A new edition of the Costa Rica guide you can carry in the field

Birds of Costa Rica_300x466For years, birders who wanted help identifying Costa Rica’s dizzying array of trogons, toucans, hummingbirds, and other birds had to make room in their luggage for at least one big book: either F. Gary Stiles and Alexander Skutch’s A Guide to the Birds of Costa Rica, published by Cornell in 1989, or Robert Ridgely’s A Guide to the Birds of Panama with Costa Rica, Nicaragua, and Honduras (Princeton), which has been available in paperback since 1992. Both are classics, but heavy.

Then, in 2007, came Richard Garrigues and Robert Dean’s The Birds of Costa Rica: A Field Guide (Cornell). Compact enough to carry in the field while still depicting and describing more than 820 species, the book was a cause for celebration.

This fully revised second edition is just as compact, just as portable, and it features even more birds — all 903 of the species known from Costa Rica as of October 2013. New to the volume are 30 species added to the country list since publication of the first edition, pelagic birds, accidental species, and species likely to be found on tiny Cocos Island, the national park and World Heritage Site located about 300 miles off the Pacific shore. Three — Cocos Cuckoo, Cocos Flycatcher, and Cocos Finch — are endemic to the island.

Other changes worth celebrating: Artist Robert Dean has added more than 360 sparkling new illustrations, colors have been given to range maps to indicate birds’ migratory status, and the nomenclature and systematics have been revised to follow the eBird/Clements Checklist of Birds of the World, version 6.8, thus making the new edition eBird-friendly.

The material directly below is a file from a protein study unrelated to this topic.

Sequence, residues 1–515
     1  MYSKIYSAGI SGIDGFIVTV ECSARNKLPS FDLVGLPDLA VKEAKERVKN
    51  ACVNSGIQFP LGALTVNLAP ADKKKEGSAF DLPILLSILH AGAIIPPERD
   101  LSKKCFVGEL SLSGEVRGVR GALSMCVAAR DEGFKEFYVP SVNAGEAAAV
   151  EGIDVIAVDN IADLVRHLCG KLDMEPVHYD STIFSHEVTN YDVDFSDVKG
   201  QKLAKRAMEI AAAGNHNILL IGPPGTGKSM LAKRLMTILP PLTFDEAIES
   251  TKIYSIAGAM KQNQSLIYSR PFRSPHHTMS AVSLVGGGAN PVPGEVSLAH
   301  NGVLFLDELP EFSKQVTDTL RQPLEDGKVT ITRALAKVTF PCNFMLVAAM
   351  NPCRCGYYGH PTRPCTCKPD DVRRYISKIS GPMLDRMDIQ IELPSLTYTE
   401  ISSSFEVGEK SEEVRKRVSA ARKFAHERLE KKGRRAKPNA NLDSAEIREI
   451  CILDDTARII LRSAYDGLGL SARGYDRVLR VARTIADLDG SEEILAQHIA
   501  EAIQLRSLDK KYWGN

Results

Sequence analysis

The Birds of Costa Rica: A Field Guide, Second Edition, by Richard Garrigues and Robert Dean, Cornell University Press, 448 pages, paperback, $29.95.

Unknown Costa Rica: Birding the Osa Peninsula.

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BirdWatching Magazine
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Chuck Hagner

Chuck Hagner

Chuck Hagner is the director of Bird City Wisconsin, a program that recognizes municipalities in the Badger State for the conservation and education activities that they undertake to make their communities healthy for birds and people. He was the editor of BirdWatching from 2001 to 2017, and his articles have appeared in Nature Conservancy and Birding. He is also the author of two books about birds and the board chair of the Western Great Lakes Bird and Bat Observatory, Inc., located in Port Washington, Wisconsin.

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